"I feel that the reason for India (not to take binding emission cuts) were very sound. But now there is no explanation from the government or the minister for making the U-turn in the position."

Ghosh, who was one of Indian negotiators at Copenhagen climate meet last year, did not agree with Ramesh's contention that neighbouring nations like Nepal and Bangladesh were seeking binding commitments from it and that it stood isolated.

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Photographs: Reuters
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"It is a matter of our development process. It is a matter of diplomacy and if it is in our interest, we have to walk alone," he added.

Sunita Narain of Centre for Science and Environment (CSE) termed the shift as "disastrous" and "betrayal" of the people of the country.

"India is buckling under pressure from developed nations. Since Copenhagen climate meet last year, we have given so much by voluntary offering reduction in emission intensity cuts by 20-25 per cent by the year 2020. But in return we are getting peanuts," she said.

Narain was referring to the US reluctance to ratify the treaty to accept legally binding emission cuts as well pass a domestic law for stringent climate actions.

In contrast, she noted, Ramesh in a pre-CoP (Conference of the Parties) meeting in Mexico had taken the first step towards internationalising India's domestic commitments by agreeing on International Consultation and Analysis (ICA) of domestic actions.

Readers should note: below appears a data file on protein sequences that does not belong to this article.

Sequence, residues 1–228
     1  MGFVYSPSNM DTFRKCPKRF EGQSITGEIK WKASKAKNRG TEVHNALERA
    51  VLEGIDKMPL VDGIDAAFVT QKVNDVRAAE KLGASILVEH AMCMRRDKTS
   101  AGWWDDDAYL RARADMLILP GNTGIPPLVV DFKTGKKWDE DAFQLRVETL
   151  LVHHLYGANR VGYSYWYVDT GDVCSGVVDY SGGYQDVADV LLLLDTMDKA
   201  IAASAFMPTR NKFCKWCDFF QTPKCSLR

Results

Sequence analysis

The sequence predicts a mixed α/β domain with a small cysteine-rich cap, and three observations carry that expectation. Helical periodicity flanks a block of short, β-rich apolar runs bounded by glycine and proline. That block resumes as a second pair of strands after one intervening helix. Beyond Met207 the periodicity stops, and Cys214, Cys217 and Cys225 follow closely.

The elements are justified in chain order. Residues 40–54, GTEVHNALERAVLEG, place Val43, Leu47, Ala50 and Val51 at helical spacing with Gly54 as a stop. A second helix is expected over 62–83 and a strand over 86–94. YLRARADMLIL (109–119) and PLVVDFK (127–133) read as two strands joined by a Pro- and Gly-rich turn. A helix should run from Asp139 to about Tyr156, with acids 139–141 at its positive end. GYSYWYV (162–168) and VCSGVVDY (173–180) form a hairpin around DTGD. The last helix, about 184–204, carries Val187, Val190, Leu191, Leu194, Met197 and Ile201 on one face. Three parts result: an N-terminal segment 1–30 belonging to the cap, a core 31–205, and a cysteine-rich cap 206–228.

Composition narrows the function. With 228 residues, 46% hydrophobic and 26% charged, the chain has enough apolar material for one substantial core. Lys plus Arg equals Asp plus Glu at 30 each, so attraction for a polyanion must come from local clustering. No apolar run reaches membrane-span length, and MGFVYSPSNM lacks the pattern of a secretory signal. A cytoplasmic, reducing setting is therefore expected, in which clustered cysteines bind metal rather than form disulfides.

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Photographs: Reuters
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Earlier, under attack from opposition parties and NGOs back home, Environment Minister Jairam Ramesh on Friday admitted to 'nuancing' of the Indian position that it will not accept internationally legally binding emission cuts.

He said there has been no shifting of the goal post and that he stood by India's position that it will not accept internationally binding cuts 'at this stage' because he does not know what the conditions that accompany them are.

He justified the nuancing of the Indian position in his speech on Thursday in which he said that all countries must take on binding commitments under an appropriate legal form, saying it was done so that India is 'not isolated'.

"There is no shift in the position, only nuancing," he told PTI, pointing out that India was trying to find room for 'maneuovre' due to increasing pressure from developing nations.

"We remain anchored in non-negotiable but we are expanding our options," he said.
"All I said was that all countries must take binding commitments in appropriate legal form. This does not mean that India is taking on a legally binding agreement at this stage. That's our position," Ramesh said.

"Negotiations is all about flexibility, negotiations is all about seeing what is happening and responding creatively. I think frankly, I have not changed the goal post, I have nuanced our position. Our positions remains let me say we will not accept a legally binding agreement at this stage," he told reporters.

"We are not the bad guys, that's very important for India not to be isolated in any of these international forums and we have a larger stake in the world economy today than we had perhaps 25 years ago," the minister said.


Photographs: Reuters